At this time, Plymouth scientists were already working together with many research groups around the UK on plans for a Biogeochemical Ocean Flux Study (BOFS) - a multidisciplinary field study of the biogeochemical processes driving the cycling of the elements in the ocean and their influence on atmospheric carbon dioxide uptake. This was one component of the large-scale studies that would pioneer many of the techniques and strategies crucial for the development of ‘ocean systems science’ with biology at its heart – a natural step on the progression from Jim’s ‘Gaia Hypothesis’ to a ‘Gaia Theory’.
1990 to 2000
As Jim Lovelock retired as President in 1990, he skilfully encouraged Sir Crispin Tickell to take on the role. Sir Crispin had been British Ambassador to the UN, and with Jim Lovelock, had helped brief Margaret Thatcher for her famous, and unexpected, climate change speeches to the Royal Society and to the UN in 1989. As a direct descendent of the MBA’s first President, TH Huxley (also known as Darwin’s bulldog), he assumed the role of President with energy and enthusiasm and set the MBA Council on a positive trajectory. He continued a close personal collaboration with Jim Lovelock, including a sequence of international ‘Gaia in Oxford’ meetings which helped to broaden the reach of the MBA research programme. Jim has said that the appointment of Sir Crispin as President was his own most significant contribution to the MBA.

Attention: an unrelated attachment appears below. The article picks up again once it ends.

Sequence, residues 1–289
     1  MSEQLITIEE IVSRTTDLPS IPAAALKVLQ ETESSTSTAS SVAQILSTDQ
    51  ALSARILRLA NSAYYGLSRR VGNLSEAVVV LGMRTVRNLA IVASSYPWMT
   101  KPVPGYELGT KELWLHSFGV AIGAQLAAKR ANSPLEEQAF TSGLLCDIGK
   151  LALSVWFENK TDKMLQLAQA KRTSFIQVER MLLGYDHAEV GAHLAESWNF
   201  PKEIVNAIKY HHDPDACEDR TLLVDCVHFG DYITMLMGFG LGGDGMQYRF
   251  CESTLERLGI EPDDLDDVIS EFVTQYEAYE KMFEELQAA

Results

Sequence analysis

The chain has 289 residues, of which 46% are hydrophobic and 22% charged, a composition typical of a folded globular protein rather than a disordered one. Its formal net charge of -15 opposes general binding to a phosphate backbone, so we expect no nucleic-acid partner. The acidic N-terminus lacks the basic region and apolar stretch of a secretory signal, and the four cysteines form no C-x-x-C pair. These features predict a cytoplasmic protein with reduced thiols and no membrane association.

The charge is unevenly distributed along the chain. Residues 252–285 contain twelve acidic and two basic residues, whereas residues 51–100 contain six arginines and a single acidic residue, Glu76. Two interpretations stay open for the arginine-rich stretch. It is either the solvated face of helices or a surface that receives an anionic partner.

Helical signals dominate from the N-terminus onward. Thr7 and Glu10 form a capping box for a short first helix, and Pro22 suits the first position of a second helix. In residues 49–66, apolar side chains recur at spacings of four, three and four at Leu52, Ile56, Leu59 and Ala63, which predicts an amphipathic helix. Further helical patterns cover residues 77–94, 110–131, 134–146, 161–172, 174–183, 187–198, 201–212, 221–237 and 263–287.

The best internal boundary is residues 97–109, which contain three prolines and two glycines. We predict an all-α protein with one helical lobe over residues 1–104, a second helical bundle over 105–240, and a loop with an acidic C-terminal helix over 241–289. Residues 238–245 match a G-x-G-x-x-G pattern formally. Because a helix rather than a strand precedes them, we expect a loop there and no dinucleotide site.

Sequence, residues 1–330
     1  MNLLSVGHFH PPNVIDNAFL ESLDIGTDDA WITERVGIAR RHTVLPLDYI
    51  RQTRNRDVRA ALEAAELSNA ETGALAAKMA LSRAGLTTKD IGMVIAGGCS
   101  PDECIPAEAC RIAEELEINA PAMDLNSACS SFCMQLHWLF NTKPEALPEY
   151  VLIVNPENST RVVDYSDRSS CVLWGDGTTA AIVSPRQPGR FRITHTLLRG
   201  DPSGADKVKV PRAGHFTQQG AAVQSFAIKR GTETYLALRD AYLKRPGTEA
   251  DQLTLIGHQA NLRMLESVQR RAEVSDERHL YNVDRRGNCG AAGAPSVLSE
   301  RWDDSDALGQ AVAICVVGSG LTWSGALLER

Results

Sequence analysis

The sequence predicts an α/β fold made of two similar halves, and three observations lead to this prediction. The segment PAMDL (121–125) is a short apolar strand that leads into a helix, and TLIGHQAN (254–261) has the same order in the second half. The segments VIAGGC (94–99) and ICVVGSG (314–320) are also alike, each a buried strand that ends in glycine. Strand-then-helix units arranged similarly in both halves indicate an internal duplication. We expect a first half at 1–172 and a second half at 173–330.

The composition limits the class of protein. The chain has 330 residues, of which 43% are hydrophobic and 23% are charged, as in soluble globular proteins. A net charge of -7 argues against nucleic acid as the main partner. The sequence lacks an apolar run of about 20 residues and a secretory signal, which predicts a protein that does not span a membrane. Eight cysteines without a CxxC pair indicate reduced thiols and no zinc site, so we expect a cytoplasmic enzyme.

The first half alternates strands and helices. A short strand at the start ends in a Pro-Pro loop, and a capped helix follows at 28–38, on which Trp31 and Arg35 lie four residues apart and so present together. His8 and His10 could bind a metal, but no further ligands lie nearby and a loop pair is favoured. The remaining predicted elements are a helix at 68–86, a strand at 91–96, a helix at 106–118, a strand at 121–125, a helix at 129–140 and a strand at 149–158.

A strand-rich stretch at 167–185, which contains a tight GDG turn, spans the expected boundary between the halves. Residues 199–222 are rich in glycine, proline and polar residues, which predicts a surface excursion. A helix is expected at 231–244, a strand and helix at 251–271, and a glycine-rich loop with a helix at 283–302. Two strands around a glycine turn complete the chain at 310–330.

Shortly after the merger of the MBA and PML in 1987, the PML team responsible for the Continuous Plankton Recorder (CPR) Survey became redundant and sought help from the MBA Council to secure the continuity of this valuable long-term data series. This had the support of both Jim Lovelock and Sir Crispin Tickell as MBA Presidents. The MBA Council agreed to help by working with Bob Dickson at MAFF and with other agencies to find alternative funding and accommodation. SAHFOS had moved all of its activities to Citadel Hill by 2003, and a full merger of SAHFOS and the MBA was achieved in 2018 under the Directorship of Professor Wilson.
In 1996 the MBA library was designated as the National Marine Biological Library (NMBL), confirming its national and international importance.
In 1998 Keith Hiscock, in collaboration with the environmental protection agencies and academic institutions in Britain and Ireland, helped establish the Marine Life Information Network (MarLIN) at Citadel Hill. This programme would continue to collect and analyse information on the biology of species and the ecology of habitats found around the coasts and seas of the British Isles. MarLIN celebrates its 20th anniversary this year.
Together with a Resource Centre for marine biological research, education and training, these developments put in place the essential components for a renaissance of the national and international roles of the MBA. In the 21st Century successive Presidents, Councils and Directors have made creative use of these bare bones to establish a creative and diverse organisation.
James Lovelock is an Honorary Fellow of the Marine Biological Association